Creative Team Building and Leadership Resources - In our Elements

Love Me Some Tender Mercies

Friday, April 15th, 2011

Fellow Passengers: This week’s Pastoral Passage* (Romans 12:1-8) transports me to a land of living sacrifice, where God measures out different portions of faith and grace and kneads them into the dough for the Bread of Life according to some secret recipe never passed down. Each of us receives our portion of faith and grace gift, and without comparing or bragging, we are to find our function in the Body and play our role according to the measure of faith given us. To discover our gift and offer it is our living sacrifice, and it is not solely a matter of the heart and mind. Paul urges us to present our bodies as a holy and pleasing sacrifice to God. Paul urges this sacrifice according to the mercies of God.

By the mercies of God. Whenever I read that phrase two movies come to mind. One is a comedy; the other is a drama. The comedy reminds us how far off course we can get in claiming the mercies of God. In Monty Python and the Holy Grail, the knights are facing a fierce foe and have to consult the Holy Book of Armaments, to find out how to employ the Holy Hand Grenade of Antioch. Brother Maynard reads from Chapter Two, Verses Nine to Twenty-One: “And Saint Atila raised the hand grenade up on high, saying, Oh, Lord, bless this thy hand grenade that with it thou mayest blow thy enemies to tiny bits, by thy mercy.” The scene reminds me how often the ideal of sacrifice comes in the context of blowing our enemies to bits, by the mercies of God, of course. This kind of mercy killing is not exactly what Paul or Jesus had in mind. More to their sentiments is the drama I am thinking of, the little known film Tender Mercies, for which Robert Duvall won the Oscar for best actor. If you are looking for a Good Friday movie to rent and watch next week, this is one with deep themes of redemption and forgiveness. Mac Sledge, a run down alcoholic country singer, finds faith through his relationship with Rosa Lee, a widow, and her young son, Sonny. It is a beautiful story of a broken soul figuring out how to use the grace gift God has given him. It speaks of sacrifice and mercy, and it is tender. And there’s nothing like hearing Robert Duvall sing “On the Wings of a Dove.”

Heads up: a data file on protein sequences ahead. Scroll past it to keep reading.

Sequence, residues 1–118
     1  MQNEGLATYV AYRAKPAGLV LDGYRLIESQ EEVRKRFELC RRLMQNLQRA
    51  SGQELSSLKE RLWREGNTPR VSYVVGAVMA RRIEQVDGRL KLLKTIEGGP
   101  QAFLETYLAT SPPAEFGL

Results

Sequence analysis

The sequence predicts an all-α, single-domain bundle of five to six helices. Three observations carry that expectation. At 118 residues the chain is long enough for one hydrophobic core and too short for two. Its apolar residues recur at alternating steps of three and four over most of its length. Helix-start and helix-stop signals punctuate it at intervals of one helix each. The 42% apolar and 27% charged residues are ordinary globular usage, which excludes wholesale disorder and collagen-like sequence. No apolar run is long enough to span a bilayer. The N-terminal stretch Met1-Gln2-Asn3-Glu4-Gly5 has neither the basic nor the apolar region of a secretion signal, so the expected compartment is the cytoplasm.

By the way, if you ever do come across the Holy Hand Grenade of Antioch, you pull the pin and count to three (not four, and five is right out). Once the number three, being the third number, be reached, then lobbest thou thy Holy Hand Grenade of Antioch towards thou foe, who being naughty in my sight, shall snuff it. It’s definitely Friday, but Sunday’s coming.


*Daily Passages are the weekday reflections of Stan Dotson, connecting culture to biblical texts. Each week takes its guiding theme for the daily posts from the gospel reading on Monday, the “Primary Passage.” This week’s theme is “Mercy and Sacrifice.” As always, your feedback and comments are welcome. Feel free to share where the passages take you in your journey of faith.



  • April 15, 2011 at 7:30 am

    I like the notion of this scripture that we all are playing different roles but equally part of the play. I appreciate that we all have been given different gifts. Good call on Robert Duvall and Tender Mercies!

    Comment by Bro Dave

  • April 15, 2011 at 9:54 am

    Good to hear from you Dave. Next time you’re up we should watch Tender Mercies. A great flick. Maybe we should do a Robert Duvall weekend – To Kill a Mockingbird, True Grit, Godfather, MASH, Apocalypse Now, Lonesome Dove, Days of Thunder, A Family Thing, Slingblade, The Apostle, for starters.

    Comment by Stan

to top